Abstract

Turbulence is the major cause of friction losses in transport processes and it is responsible for a drastic drag increase in flows over bounding surfaces. While much effort is invested into developing ways to control and reduce turbulence intensities1,2,3, so far no methods exist to altogether eliminate turbulence if velocities are sufficiently large. We demonstrate for pipe flow that appropriate distortions to the velocity profile lead to a complete collapse of turbulence and subsequently friction losses are reduced by as much as 90%. Counterintuitively, the return to laminar motion is accomplished by initially increasing turbulence intensities or by transiently amplifying wall shear. Since neither the Reynolds number nor the shear stresses decrease (the latter often increase), these measures are not indicative of turbulence collapse. Instead, an amplification mechanism4,5 measuring the interaction between eddies and the mean shear is found to set a threshold below which turbulence is suppressed beyond recovery.

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Acknowledgements

We acknowledge the European Research Council under the European Union’s Seventh Framework Programme (FP/2007-2013)/ERC Grant Agreement 306589, the European Research Council (ERC) under the European Union’s Horizon 2020 research and innovation programme (grant agreement no. 737549) and the Deutsche Forschungsgemeinschaft (Project No. FOR 1182) for financial support. We thank our technician P. Maier for providing highly valuable ideas and greatly supporting us in all technical aspects. We thank M. Schaner for technical drawings, construction and design. We thank M. Schwegel for a Matlab code to post-process experimental data.

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Author notes

  1. Jakob Kühnen and Baofang Song contributed equally to this work.

Affiliations

  1. Nonlinear Dynamics and Turbulence Group, IST Austria, Klosterneuburg, Austria

    • Jakob Kühnen
    • , Baofang Song
    • , Davide Scarselli
    • , Nazmi Burak Budanur
    • , Michael Riedl
    •  & Björn Hof
  2. Center of Applied Space Technology and Microgravity (ZARM), University of Bremen, Bremen, Germany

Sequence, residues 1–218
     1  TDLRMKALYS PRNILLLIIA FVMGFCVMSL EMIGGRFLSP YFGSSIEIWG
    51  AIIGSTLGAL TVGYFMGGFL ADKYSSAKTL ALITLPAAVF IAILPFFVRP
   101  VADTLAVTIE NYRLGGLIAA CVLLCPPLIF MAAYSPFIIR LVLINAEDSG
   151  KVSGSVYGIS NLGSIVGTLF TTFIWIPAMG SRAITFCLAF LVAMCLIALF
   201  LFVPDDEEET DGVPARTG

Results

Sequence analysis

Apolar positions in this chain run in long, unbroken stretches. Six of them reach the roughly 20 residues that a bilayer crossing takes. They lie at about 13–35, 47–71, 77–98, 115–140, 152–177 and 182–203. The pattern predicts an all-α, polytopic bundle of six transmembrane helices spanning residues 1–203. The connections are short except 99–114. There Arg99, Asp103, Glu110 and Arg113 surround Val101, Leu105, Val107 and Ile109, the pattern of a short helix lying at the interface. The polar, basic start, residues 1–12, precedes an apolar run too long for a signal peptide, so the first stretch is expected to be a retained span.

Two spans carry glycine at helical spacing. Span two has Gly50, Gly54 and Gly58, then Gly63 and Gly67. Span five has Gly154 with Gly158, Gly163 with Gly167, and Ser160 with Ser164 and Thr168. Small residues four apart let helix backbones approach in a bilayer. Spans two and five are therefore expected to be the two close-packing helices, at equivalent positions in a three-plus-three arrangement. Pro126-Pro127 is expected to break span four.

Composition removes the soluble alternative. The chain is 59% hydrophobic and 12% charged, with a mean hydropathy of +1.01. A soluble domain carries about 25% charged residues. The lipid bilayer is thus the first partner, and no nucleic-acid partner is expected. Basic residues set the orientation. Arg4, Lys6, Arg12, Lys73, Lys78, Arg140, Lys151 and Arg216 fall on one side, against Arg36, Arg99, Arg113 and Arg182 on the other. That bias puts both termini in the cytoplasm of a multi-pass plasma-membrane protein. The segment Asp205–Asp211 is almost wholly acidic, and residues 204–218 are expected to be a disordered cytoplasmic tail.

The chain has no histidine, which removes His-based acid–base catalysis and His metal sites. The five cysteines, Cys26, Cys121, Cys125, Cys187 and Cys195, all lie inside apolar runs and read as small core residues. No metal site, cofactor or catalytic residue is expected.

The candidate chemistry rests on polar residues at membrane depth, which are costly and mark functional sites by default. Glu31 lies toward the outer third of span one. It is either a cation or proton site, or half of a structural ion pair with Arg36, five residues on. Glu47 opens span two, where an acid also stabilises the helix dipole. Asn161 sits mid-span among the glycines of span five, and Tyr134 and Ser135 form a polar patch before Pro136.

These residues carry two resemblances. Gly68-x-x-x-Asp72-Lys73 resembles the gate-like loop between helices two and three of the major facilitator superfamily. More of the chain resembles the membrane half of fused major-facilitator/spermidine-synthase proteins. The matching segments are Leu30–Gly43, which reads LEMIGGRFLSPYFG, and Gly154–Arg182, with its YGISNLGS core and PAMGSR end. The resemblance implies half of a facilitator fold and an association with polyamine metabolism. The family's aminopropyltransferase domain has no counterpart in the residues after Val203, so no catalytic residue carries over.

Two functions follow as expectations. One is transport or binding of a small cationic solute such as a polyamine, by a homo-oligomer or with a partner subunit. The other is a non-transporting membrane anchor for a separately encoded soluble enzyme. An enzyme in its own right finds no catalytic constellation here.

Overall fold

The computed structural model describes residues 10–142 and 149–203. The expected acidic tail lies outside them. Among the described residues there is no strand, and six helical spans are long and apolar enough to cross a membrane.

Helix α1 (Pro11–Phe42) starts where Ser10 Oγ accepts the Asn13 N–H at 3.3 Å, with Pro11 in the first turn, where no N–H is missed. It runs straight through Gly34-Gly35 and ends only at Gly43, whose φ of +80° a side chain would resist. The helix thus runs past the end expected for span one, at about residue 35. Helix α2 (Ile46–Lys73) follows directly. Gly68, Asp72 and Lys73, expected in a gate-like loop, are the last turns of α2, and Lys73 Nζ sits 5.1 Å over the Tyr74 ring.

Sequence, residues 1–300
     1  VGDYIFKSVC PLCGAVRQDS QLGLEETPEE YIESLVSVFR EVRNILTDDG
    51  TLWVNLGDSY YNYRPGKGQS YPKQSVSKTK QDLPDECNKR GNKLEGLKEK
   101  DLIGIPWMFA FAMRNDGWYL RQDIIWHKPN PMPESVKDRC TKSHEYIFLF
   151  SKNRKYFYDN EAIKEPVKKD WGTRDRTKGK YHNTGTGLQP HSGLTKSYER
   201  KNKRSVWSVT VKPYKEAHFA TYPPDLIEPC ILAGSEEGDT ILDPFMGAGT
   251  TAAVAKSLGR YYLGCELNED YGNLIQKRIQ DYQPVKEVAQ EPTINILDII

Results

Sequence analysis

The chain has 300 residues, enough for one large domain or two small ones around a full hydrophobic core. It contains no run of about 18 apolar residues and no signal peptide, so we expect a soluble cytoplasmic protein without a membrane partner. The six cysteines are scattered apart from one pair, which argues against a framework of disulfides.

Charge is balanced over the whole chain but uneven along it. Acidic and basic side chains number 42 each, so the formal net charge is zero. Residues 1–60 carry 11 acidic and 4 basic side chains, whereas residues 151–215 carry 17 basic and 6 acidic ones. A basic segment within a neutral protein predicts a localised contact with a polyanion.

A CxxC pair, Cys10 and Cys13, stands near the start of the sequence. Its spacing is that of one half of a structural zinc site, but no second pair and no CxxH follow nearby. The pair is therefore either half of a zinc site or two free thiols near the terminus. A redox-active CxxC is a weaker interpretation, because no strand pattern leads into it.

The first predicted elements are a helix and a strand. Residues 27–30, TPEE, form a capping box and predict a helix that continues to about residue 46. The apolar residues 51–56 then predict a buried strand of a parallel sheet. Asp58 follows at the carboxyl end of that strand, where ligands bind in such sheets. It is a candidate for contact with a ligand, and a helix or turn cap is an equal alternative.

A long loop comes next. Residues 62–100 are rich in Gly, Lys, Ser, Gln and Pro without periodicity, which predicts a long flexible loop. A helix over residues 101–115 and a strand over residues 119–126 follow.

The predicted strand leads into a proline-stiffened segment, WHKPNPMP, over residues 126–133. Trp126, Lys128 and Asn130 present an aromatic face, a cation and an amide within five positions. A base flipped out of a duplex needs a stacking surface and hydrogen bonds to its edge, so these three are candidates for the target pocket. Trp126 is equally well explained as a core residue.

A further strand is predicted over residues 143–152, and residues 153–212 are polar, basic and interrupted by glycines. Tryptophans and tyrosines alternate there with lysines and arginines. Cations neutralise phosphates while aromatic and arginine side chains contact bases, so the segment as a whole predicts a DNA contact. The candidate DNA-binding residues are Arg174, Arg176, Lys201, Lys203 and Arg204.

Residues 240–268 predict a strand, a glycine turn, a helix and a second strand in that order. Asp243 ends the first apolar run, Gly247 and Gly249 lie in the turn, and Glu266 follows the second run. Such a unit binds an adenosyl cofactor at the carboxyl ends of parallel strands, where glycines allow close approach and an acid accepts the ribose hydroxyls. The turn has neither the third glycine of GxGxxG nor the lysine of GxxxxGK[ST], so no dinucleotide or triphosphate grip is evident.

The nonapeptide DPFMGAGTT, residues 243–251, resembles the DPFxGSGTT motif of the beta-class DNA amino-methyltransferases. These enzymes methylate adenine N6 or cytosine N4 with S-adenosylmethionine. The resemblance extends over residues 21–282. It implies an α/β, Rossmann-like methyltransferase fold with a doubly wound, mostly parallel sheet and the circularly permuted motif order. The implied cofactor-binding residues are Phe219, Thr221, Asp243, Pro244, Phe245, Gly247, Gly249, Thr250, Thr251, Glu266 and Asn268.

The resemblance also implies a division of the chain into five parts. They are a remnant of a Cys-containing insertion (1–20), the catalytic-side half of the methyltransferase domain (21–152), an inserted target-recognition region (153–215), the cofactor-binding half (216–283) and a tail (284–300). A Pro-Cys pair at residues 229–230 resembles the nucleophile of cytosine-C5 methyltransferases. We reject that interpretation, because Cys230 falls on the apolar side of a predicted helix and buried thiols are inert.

• Baofang Song
    •  & Marc Avila
  3. Center for Applied Mathematics, Tianjin University, Tianjin, China

    • Baofang Song
  4. School of Mathematics and Statistics, University of Sheffield, Sheffield, UK

    • Ashley P. Willis

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Contributions

J.K. and B.H. designed the experiments. J.K. and D.S. carried out the experiments and post-processed the data. M.R. carried out the rotor experiments. J.K., D.S. and B.H. analysed the experimental results. J.K. and B.H. supervised the experimental work. B.S. and N.B.B. performed the computer simulations of the Navier–Stokes equations. B.S., M.A. and N.B.B. analysed the numerical results. M.A., A.P.W. and B.H. supervised the computer simulations. D.S., A.P.W., M.A. and B.S. performed the theoretical analysis. J.K., B.S., D.S., M.A. and B.H. wrote the paper.

Competing interests

The authors declare no competing financial interests.

Corresponding authors

Correspondence to Jakob Kühnen or Björn Hof.

Supplementary information

  1. Supplementary Information

    Destabilizing turbulence in pipe flow.

Videos

  1. Supplementary Movie

    Relaminarization by vigorously stirring a turbulent pipe flow with four rotors.

  2. Supplementary Movie

    Relaminarization by impulsive movement of a pipe segment.

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https://doi.org/10.1038/s41567-017-0018-3